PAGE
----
Comparison of rainfall energy and soil erosion parameters from a rainfall simulator and natural rain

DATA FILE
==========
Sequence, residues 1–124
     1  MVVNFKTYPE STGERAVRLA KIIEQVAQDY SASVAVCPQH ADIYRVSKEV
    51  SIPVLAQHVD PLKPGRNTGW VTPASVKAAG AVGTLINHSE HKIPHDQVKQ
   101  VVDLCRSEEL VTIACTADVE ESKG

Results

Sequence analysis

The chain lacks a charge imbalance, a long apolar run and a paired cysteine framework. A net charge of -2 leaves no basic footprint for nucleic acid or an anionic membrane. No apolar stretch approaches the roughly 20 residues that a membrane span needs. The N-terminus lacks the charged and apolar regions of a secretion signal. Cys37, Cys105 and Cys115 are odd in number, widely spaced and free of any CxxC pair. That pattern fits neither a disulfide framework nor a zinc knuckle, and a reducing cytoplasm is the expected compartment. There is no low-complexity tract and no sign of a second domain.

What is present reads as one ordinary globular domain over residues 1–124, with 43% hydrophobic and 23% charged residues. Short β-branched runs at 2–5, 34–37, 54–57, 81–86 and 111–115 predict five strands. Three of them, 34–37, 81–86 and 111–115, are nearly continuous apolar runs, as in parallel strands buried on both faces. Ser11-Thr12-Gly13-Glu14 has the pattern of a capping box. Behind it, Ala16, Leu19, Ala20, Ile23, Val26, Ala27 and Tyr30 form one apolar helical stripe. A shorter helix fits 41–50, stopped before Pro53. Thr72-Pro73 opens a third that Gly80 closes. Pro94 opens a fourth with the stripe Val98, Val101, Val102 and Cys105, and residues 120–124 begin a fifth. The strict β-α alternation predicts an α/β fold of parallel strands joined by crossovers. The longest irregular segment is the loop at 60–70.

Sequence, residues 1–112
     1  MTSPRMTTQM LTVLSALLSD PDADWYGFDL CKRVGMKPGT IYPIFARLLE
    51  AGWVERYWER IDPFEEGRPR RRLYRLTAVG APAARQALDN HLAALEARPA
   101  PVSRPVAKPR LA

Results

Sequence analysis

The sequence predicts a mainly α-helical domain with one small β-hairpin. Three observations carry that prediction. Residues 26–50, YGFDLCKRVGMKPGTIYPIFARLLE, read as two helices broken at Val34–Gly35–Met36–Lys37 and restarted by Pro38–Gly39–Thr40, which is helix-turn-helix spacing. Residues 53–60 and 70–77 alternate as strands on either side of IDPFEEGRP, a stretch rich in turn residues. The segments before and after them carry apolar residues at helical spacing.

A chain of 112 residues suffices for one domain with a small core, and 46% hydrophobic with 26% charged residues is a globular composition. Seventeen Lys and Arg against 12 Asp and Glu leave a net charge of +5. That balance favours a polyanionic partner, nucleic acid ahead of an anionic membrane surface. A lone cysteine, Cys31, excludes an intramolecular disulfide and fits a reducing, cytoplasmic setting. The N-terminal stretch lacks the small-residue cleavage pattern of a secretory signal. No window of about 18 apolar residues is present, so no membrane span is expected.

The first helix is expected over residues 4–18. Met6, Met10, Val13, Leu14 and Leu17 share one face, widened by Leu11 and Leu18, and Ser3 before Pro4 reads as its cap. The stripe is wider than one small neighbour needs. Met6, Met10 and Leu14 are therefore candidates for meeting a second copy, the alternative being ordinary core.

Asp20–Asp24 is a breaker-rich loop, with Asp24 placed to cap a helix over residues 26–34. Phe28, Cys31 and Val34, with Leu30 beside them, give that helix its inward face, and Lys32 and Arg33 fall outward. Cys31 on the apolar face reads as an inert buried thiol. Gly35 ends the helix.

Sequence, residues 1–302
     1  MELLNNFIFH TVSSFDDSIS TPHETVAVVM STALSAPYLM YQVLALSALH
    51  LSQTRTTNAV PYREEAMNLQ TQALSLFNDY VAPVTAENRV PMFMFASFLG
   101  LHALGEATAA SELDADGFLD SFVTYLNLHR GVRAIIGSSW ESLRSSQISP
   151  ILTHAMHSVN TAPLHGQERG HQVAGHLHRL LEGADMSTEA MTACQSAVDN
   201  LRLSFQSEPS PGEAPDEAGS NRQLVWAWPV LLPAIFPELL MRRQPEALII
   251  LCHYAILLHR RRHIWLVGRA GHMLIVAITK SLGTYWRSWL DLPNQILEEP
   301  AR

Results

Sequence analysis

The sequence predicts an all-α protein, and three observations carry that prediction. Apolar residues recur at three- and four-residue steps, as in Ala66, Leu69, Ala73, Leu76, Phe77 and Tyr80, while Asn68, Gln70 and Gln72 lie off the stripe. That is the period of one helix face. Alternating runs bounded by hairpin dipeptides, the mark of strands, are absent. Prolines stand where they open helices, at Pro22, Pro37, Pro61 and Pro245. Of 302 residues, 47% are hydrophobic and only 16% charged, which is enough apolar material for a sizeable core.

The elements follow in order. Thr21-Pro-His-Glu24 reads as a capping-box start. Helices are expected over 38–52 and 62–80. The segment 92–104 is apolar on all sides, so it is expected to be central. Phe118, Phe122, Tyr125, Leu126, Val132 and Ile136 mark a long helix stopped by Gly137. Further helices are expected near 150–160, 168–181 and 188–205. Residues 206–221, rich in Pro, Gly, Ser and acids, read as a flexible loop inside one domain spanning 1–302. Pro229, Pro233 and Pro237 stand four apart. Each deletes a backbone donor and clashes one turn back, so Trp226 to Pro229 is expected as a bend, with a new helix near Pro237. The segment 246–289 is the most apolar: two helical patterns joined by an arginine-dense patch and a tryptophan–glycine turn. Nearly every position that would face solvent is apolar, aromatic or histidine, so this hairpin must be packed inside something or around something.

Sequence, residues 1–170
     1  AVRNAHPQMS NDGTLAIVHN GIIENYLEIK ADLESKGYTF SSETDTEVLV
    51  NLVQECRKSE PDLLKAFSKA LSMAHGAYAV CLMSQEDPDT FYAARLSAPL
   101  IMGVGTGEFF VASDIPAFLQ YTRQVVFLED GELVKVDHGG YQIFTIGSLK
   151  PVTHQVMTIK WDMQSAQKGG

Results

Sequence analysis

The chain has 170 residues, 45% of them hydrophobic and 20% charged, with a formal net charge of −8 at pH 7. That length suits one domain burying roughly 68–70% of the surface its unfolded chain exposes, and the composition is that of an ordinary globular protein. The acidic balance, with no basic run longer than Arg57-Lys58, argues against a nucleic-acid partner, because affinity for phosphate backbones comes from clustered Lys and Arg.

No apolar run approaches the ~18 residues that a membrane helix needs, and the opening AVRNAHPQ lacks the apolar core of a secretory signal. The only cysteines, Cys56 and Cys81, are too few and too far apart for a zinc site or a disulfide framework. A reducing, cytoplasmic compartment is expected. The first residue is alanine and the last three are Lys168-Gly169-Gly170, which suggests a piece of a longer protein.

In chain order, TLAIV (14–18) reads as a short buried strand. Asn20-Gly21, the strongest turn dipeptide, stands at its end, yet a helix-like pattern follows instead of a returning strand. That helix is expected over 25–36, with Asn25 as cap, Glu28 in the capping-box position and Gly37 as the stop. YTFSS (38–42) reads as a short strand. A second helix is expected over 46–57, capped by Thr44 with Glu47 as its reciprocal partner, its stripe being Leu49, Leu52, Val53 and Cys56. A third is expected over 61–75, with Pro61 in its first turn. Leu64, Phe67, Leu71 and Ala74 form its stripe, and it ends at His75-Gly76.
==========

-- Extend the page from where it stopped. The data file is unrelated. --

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Numerous studies have used artificial rainfall to quantify relationships for runoff and soil detachment. Application of these results to natural rainfall conditions is dependent in part on how well artificial rainfall mimics these natural conditions. In this study, an optical rainfall imaging system was used to determine the drop-size distributions (DSDs) of natural rain in Missouri. These observations have been compared to those from an indoor gravity rainfall simulator. This thesis reports the results of the DSD intercomparison, where a gamma distribution curve was expected, but a special form of a gamma distribution (exponential distribution) was found. This thesis also explores the impact of the increased velocity of drops due to wind can account for up to one quarter of the total kinetic energy of the rainfall (Helming 2001). However, the results presented here show that about one-half of the total kinetic energy was estimated from horizontal wind, although highly dependent on wind velocity. While there are differences between the shapes of the DSDs, the most significant difference between the natural and simulated rain observed in the cases to date is the temporal variation and the impact of wind that is associated with natural rain.